South Florida v Notre Dame

Crist vs. Rees: Breaking down Tommy’s throws

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Brian Kelly named Tommy Rees the starting quarterback for Saturday against Michigan. It was a decision that made plenty of sense from a production point of view — Rees went 24 of 34 for 296 yards in the second half, when everyone in the stadium knew Rees would be passing to catch up, in conditions hardly optimal.

After looking at every throw a few dozen times, not every decision Rees made was the right one, but the sophomore was able to turn the Irish offense into a high octane attack against a good defense, something the Irish haven’t seen in the Brian Kelly era.

“Our hopes are Tommy is productive and can play at a high level week in and week out,” Kelly said Tuesday. “He’s got a pretty good resume, 4-0 as a starter, and he’s come off the bench twice and has played well under those circumstance.”

With that in mind, let’s take a look at the throws Rees made to impress the coaching staff — all 34 of them:

TOMMY REES’ PASSING PLAYS

Throw 1: 1st and 10 at USF 49

Rees pass complete to Michael Floyd for 7 yards.

A high percentage play. With the corners off and Floyd by himself on the short-side of the field, Rees throws a quick hitch for a nice gain. Nice play call to get Rees warmed up and an easy completion.

Throw 2: 1st and 10 at USF 34

Rees pass complete to Michael Floyd for 4 yards.

Another high percentage throw, but potentially a missed opportunity for Rees, who had Theo Riddick flashing open from the slot on the field side. With five wide, the Irish might have caught USF in a missed coverage and Rees didn’t see Riddick. Again, a nice throw and modest completion to Floyd, but I’m sure in the film room the coaching staff will let Tommy know he missed an open read.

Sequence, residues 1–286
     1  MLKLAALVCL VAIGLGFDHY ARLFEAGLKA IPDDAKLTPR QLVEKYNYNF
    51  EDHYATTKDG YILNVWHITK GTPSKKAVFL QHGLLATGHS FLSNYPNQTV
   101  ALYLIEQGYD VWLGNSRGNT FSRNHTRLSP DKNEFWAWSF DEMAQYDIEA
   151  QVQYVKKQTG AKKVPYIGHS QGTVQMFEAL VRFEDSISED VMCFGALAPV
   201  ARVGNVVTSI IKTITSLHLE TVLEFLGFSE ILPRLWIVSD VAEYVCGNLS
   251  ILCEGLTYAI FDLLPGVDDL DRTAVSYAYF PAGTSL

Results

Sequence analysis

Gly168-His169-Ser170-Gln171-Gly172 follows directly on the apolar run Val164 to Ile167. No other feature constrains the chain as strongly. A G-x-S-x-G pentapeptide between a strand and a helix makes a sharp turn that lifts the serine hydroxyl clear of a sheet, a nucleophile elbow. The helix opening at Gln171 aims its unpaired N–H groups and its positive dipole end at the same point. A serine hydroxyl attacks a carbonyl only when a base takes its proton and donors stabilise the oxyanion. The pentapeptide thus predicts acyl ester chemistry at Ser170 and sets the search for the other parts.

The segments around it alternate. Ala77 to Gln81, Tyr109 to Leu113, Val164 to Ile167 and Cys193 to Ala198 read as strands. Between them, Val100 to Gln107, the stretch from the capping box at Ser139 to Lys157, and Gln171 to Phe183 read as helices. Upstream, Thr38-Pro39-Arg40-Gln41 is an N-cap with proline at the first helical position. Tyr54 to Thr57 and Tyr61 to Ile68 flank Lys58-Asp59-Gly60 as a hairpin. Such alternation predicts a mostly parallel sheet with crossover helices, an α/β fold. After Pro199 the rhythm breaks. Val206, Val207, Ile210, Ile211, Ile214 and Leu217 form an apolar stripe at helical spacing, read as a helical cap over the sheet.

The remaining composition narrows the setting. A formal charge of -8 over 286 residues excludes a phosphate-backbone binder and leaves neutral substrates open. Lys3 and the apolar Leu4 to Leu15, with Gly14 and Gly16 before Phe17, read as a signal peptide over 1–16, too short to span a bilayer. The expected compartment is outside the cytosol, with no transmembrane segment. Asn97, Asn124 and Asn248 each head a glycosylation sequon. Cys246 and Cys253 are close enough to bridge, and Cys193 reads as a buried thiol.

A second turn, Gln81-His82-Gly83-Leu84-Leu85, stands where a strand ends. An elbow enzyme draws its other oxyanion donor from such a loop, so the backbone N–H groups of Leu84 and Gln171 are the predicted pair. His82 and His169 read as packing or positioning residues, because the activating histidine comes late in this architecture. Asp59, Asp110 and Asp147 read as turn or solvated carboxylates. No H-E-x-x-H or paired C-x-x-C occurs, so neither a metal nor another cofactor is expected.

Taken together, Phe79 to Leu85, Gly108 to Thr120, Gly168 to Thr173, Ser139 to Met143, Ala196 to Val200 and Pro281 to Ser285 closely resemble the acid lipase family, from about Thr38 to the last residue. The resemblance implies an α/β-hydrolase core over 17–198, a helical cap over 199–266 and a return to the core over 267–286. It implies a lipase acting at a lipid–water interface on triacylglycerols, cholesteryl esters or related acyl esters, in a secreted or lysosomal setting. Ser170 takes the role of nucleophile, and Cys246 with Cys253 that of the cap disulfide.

Throw 3: 2nd and 6 at USF 30

Rees pass complete to TJ Jones for 5 yards.

All three receivers on the field side ran slants, and Rees chose TJ Jones on the outside to go to. The ball sailed high on him a bit, but Jones went up and made a very nice catch. Nothing wrong with the read, but Rees’ accuracy wasn’t all that great. Still, three throws and three completions, all done at a pace faster than the Irish moved with Crist in the first half.

Throw 4: 1st and 10 at USF 20

Rees pass complete to Michael Floyd for 15 yards.

With trips to Rees right, he hits Floyd, the inside receiver with a quick bubble screen. Sprung by a nice block by Theo Riddick, Floyd accelerates around the corner for a big gainer, taking the Irish to the USF five yard line.

Throw 5: 1st and Goal at USF 5

Rees pass intended for TJ Jones intercepted by Michael Lanaris, returned for no gain.